Day 1749: What’s your favorite picture?

What’s your favorite picture?

What kind of question am I asking there?

Am I asking …

  1. What’s your favorite movie?
  2. What’s your favorite image?
  3. What’s your favorite photograph of every photograph you’ve ever seen?
  4. What’s your favorite photograph that you’ve taken?
  5. What’s your favorite photograph in today’s blog?

 

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My favorite picture in today’s blog is the one of my stand-up comedy teacher Ron Lynch and his wonderful girlfriend, Shelly (above).  Last night, Michael and I (not pictured) had dinner with Ron and Shelly at Vinnie’s Ristorante and talked about many things, including  Ron’s Wikipedia page (which makes him too old by a couple of years), blogging, cupcakes, skeptics, beliefs, Steve McQueen movies, napkins, cats,  Dads, pasta, the ocean, L.A., Boston,  comedy, comedians,  politics, the pictures of comedian Lenny Clarke on the restaurant’s walls,  and many other interesting topics I’m picturing in my head, right now.

Here‘s Ron, Fred Armisen  and CELERY BOY (if you can picture that):

 

I’m now picturing many comments on this blog, below.

Can you picture how grateful I am for people like Michael, Ron, Shelly, and — of course! — you?

 

 

Categories: personal growth, photojournalism | Tags: , , , , , , , | 25 Comments

Day 1736: Are you listening?

Are you listening?  What do you hear?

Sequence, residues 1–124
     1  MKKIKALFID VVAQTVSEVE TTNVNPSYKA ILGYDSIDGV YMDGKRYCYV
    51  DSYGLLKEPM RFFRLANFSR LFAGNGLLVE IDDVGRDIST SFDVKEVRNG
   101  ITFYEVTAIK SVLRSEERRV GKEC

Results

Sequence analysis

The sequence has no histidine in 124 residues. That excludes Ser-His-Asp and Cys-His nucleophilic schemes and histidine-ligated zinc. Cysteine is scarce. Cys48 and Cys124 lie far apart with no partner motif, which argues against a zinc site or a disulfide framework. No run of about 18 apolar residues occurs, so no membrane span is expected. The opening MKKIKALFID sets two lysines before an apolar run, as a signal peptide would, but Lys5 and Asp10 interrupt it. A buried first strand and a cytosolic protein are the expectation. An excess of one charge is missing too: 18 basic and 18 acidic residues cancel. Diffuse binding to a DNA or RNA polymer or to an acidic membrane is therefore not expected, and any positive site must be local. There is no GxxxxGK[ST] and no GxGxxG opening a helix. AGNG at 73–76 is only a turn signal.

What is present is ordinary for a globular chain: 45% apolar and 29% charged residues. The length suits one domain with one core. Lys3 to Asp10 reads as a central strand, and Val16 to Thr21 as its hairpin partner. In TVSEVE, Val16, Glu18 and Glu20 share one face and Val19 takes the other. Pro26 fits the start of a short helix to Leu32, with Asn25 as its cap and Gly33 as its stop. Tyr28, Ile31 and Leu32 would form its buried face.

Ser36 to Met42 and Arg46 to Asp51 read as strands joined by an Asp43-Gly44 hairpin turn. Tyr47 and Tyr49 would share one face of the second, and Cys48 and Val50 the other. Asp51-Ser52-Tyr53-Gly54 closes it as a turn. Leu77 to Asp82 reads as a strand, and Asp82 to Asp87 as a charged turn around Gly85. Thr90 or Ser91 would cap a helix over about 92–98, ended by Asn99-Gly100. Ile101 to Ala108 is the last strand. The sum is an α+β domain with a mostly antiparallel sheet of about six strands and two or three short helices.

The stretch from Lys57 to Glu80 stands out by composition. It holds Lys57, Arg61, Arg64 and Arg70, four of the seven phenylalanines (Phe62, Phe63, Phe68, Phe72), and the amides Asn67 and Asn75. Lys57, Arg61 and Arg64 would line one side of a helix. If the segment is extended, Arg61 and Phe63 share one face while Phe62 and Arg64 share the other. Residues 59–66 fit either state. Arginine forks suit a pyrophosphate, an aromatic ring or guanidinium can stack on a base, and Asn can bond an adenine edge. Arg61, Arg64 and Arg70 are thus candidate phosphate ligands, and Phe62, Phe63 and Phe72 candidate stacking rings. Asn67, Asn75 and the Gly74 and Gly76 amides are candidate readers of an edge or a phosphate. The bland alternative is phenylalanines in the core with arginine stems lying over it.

I’m listening.

I’m hearing many different things.

“Are you listening?” is something I saw on a poster near Boston’s Symphony Hall yesterday.

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After I saw that poster, I was listening to somebody behind me in the audience of Merrily We Roll Along ask

Is Stephen Sondheim still alive?

I turned around and said, “Stephen Sondheim is alive.”

And then we listened to each other discuss Merrily We Roll Along before the start of that amazing musical.  When she asked, “How is the music?” she listened to my reply: “It’s wonderful.”

Because of all the upsetting things I listen to  at work and elsewhere, I’m doing my best to listen to wonderful music and the sounds of nature near where I live.

Thanks for listening and for looking at my other photos from yesterday.

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Are you listening to this YouTube video about the 2012 production of Merrily We Roll Along starring Lin-Manuel Miranda?

Are you listening to Lin-Manuel Miranda’s pleas to contribute to this relief fund for Puerto Rico? I listened to that, too, yesterday.

Are you listening to my requests for comments?

I’m grateful to all who listen, including YOU.

Categories: personal growth, photojournalism | Tags: , , , , , , , , , | 24 Comments

Day 1636: Like to shine

I like to shine. Do you?  

Like to shine a light on these lyrics, shining through my head:

Like to shine like the sun for one more summer day.

Like to shine like a lighthouse for one last summer night.

Like to shine a guess about what song that is?

Before I shine a light on the answer, like to shine like a camera for some more summer sights.

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“Be the lighthouse” spreads the light on my lyrical question.

I’ll likely see Fenway Park’s lights shine on James Taylor and Bonnie Raitt one summer night.

Like to shine in a comment?  Be the lighthouse and spread your light below.